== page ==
Mumbai slums Subhash Sharma/ZumaPress

La meurtrière pollution des villes indiennes

SINGAPOUR – La Chine et l’Inde sont à la tête de la croissance démographique et de l’urbanisation en Asie. Selon une étude de 2010 du cabinet de conseil McKinsey, ces deux pays devraient représenter 62 pour cent de la croissance de la population urbaine du continent entre 2005 et 2025 et jusqu’à 40 pour cent, une proportion vertigineuse, de cette croissance à l’échelle mondiale.

Ces statistiques soulignent l’urgente nécessité de mesures d’urbanisme et de gestion de la croissance. Il est toutefois nécessaire de reconnaître les différences fondamentales entre les deux pays. Des divergences dans les tendances de leur croissance urbaine respective, ainsi que des approches différentes de la politique environnementale, font que le défi démographique de l’Inde sera sans doute bien plus difficile à relever.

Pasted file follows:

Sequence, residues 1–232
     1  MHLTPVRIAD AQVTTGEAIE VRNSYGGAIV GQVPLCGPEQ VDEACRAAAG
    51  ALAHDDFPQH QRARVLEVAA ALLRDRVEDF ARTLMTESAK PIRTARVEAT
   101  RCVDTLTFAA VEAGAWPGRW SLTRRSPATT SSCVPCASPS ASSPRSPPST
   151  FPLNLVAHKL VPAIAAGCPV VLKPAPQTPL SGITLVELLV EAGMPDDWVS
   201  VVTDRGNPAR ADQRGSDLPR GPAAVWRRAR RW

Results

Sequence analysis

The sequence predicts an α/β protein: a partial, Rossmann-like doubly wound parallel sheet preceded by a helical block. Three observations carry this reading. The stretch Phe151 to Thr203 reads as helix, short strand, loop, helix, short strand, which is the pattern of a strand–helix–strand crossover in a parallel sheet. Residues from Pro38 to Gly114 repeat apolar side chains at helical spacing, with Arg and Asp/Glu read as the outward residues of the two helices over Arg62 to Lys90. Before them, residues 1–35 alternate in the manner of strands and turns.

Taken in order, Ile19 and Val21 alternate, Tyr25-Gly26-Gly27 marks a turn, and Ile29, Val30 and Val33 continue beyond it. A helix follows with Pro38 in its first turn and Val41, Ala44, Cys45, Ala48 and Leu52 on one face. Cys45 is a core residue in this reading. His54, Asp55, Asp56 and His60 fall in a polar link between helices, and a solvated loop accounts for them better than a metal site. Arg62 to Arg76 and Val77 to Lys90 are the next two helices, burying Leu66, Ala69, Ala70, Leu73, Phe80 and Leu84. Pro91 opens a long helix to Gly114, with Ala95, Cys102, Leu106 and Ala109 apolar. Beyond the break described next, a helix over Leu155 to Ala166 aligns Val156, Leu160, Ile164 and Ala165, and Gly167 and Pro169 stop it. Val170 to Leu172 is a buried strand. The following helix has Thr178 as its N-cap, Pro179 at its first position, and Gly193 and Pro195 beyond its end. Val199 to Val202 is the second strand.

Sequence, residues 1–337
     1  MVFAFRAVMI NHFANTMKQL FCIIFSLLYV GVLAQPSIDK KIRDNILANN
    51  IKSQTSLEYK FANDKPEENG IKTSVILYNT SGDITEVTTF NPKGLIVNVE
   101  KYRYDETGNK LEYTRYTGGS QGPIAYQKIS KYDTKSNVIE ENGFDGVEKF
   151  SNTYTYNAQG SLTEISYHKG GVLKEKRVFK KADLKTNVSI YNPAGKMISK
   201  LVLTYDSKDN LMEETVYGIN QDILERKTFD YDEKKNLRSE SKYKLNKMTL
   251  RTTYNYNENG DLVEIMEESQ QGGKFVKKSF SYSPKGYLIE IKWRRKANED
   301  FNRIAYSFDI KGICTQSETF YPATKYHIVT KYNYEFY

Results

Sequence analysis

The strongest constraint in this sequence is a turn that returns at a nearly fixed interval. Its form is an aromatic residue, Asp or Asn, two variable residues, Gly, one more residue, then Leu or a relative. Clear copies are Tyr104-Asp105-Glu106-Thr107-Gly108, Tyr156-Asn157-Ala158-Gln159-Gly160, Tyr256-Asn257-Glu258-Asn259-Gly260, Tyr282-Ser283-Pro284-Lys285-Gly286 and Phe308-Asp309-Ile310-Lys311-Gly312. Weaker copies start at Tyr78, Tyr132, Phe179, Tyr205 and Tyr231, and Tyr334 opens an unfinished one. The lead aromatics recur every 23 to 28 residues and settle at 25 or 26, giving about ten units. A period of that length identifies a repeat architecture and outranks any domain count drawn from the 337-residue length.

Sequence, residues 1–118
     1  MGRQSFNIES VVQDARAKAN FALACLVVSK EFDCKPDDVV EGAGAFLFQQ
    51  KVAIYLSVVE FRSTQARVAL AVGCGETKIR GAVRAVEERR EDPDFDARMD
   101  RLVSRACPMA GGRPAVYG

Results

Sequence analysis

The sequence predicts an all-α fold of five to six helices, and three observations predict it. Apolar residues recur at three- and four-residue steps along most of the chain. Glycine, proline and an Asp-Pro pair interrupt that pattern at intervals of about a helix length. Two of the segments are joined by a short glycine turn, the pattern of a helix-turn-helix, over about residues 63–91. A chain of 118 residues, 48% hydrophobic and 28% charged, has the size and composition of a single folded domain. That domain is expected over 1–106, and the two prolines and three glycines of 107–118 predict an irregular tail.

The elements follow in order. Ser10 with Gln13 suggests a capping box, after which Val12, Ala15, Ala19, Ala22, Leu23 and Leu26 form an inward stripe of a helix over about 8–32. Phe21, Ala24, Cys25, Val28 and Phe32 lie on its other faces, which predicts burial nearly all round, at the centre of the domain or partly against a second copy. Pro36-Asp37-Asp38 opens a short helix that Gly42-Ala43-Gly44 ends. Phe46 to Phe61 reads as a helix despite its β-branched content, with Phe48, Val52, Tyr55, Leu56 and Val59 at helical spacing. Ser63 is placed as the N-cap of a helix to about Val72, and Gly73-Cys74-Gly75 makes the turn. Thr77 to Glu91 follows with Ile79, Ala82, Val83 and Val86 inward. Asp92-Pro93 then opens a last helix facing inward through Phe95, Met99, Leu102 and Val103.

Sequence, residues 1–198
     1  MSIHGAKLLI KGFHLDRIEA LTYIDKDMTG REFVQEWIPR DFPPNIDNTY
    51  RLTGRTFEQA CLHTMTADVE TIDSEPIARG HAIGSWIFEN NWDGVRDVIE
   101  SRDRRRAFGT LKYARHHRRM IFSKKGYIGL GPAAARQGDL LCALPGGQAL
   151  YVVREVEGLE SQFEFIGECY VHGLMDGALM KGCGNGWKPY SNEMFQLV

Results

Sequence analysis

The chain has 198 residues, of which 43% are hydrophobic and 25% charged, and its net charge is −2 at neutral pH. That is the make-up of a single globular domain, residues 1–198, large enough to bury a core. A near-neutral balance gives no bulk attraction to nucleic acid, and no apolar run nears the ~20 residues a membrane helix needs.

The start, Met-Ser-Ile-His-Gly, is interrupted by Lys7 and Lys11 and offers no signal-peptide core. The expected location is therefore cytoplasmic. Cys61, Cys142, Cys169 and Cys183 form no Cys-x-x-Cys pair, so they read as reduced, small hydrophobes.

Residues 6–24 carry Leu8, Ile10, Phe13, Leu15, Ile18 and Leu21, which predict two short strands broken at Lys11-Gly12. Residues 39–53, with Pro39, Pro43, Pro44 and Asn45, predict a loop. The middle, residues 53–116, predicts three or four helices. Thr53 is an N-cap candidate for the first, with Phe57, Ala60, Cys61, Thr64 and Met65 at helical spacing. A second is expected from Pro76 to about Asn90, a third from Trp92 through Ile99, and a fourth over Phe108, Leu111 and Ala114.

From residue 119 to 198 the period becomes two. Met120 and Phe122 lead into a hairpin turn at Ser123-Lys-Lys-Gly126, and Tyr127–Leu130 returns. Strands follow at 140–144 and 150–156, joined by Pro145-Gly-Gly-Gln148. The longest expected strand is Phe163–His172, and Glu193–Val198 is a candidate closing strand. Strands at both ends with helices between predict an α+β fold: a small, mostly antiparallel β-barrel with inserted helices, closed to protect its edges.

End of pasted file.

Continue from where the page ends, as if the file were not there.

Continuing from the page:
Bien que la Chine abrite 20 pour cent de l’humanité, son taux de fécondité est depuis deux décennies plus bas que le seuil de renouvellement des générations, et sa courbe démographique devrait devenir négative au cours des vingt prochaines années. En conséquence, l’Inde, dont la croissance démographique devrait rester positive dans un avenir prévisible, s’apprête à devenir le pays le plus peuplé au monde. Selon la plupart des estimations, la population de l’Inde devrait dépasser celle de la Chine à l’horizon 2022.

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